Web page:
IT COMES AT NIGHT review by Patrick Hendrickson – bad characters don’t ruin great horror

IT COMES AT NIGHT review by Patrick Hendrickson – bad characters don’t ruin great horror

It Comes at Night is director Trey Edward Shults’ new horror film about a family trying to survive a seemingly apocalyptic pandemic. The majority of the film takes place in their cramped house out in a deep forest where nobody can get in and very rarely does anyone go out. The protagonists of the film are a husband and wife Paul (Joel Edgerton) and Sarah (Carmen Ejogo), and their son Travis (Kevin Harrison Jr.), all three living in a barricaded house out in the woods in order to avoid exposure to the disease. The house only has one door which is locked at all times unless they are outside foraging for supplies.

The epidemic itself is only vaguely shown and I think this is point in the movie’s favor. To have a mass horde of infected people roaming around the woods would have been cliché and boring. The only symptoms that are shown are large blisters or lesions, vomiting of blood, and darkening of the eyes. The disease is highly contagious which causes Paul to insist on his family wearing gas-masks and gloves when in contact with anyone who could potentially be infected.

The plot starts rolling when an intruder breaks into the house and is captured by Paul. This burglar begs for them to share supplies with him and his own family which leads to Paul inviting them to live in the house. This intruder is named Will and is played by Christopher Abbott, his family includes his wife Kim (Riley Keough) and their young son Andrew (Griffin Robert Faulkner).

Every actor does a good job in their role but there are no standout performances. Everybody accomplishes what they need to accomplish and that is all that can be said. Each actor manages to put across the intensity and desperation of the situations they are placed in, but the score, the editing and the sound design are what really carry this film. The cast almost feels trivial and unnecessary to the dreadful feeling of everything going on. This is high-praise for the filmmaking but also a criticism of the acting.

The tension builds up expertly throughout, but usually there is a lack of pay off for that building anticipation. Things swell and swell before simply dissipating and returning to a lesser intensity. This is still preferable to an overabundance of jump-scares, as in typical horror films, but it would have been nice to have better pay-offs to some of the more tense moments. This intensity starkly overshadows any horror present in the movie. Travis is plagued by nightmares of haunting visuals of what could happen to him or his family and new-found friends. These are genuinely creepy moments and every one of them is striking and memorable.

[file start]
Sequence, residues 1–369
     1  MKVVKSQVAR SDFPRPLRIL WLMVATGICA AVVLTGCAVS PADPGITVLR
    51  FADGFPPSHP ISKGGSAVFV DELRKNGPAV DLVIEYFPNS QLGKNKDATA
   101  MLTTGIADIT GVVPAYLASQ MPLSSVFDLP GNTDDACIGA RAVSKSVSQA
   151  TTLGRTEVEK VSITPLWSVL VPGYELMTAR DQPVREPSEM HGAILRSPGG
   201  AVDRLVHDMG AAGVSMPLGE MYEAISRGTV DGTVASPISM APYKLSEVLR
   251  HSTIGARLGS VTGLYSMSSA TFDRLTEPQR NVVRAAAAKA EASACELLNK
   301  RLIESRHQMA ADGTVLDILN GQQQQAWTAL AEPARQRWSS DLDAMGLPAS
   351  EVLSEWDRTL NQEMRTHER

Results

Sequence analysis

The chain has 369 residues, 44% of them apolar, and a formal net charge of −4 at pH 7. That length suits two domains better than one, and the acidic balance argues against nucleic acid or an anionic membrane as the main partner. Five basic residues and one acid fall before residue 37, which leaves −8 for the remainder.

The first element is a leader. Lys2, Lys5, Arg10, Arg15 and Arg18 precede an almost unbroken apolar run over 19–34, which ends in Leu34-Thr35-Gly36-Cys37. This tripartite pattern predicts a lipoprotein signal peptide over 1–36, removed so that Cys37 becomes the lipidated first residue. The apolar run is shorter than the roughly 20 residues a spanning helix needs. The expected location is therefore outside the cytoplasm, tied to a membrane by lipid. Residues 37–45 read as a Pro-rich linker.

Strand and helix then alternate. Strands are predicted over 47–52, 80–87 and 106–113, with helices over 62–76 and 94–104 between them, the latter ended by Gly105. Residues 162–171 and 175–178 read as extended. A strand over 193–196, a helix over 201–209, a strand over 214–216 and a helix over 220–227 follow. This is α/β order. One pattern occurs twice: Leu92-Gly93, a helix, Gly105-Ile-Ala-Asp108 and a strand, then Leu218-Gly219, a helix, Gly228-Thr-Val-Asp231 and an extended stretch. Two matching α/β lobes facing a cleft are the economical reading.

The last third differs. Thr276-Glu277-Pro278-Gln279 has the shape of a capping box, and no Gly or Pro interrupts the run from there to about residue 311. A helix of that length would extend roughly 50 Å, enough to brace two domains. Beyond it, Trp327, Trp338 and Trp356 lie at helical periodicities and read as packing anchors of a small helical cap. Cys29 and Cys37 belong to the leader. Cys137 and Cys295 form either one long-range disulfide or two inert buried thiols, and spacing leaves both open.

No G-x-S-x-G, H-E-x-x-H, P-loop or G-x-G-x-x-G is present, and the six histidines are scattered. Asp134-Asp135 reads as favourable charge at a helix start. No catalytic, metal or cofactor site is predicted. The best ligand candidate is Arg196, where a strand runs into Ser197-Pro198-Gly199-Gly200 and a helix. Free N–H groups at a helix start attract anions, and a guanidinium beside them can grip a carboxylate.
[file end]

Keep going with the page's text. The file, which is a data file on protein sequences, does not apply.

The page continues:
The problem is that there is an over-reliance on Travis’ nightmares to contribute the majority of the horror which is alright during the earlier stages of the film but soon start to become a detriment. They border on becoming repetitive and at times they confuse the narrative. There are a few times where it is not immediately obvious what occurred solely in his dreams, what could have been a flashback, and what might actually have been happening as it was shown.

These dreams also have the consequence of making Travis the central character of the story, which would be fine but Harrison’s performance is probably the weakest of them all. He doesn’t do a terrible job by any means, but pales in comparison to Joel Edgerton’s aggressive performance as Paul or the somewhat enigmatic and mysterious characterizations of Will and Kim. Not a single one of these characters is very likable either. They are in a desperate situation and resort to desperate measures as a result of it, which leads to some particularly dark moments.

This production is raw from beginning to end without a single ray of light throughout. It Comes at Night has some very disturbing moments which should not be spoiled and which are well worth the price of admission. If the objective of a horror film is to horrify the audience then that objective certainly has been accomplished here. The characters are absolutely not good people, and in fact they are mostly horrible personas, but this fits with the tone.

It Comes at Night is a horrifying and nail-biting experience from the first scene to the end credits. It shows considerable skill in crafting an environment and setting filled with tension and dread and at times depression. This is not a movie that depends on jump-scares or gore or any other cliché horror elements to get under the audience’s skin, instead the main tool of this horror film is anticipation. There is not a single element of the production that does not contribute to the raw mood and there is nothing that takes away from it either. Because of this, I give the production a 5/5.

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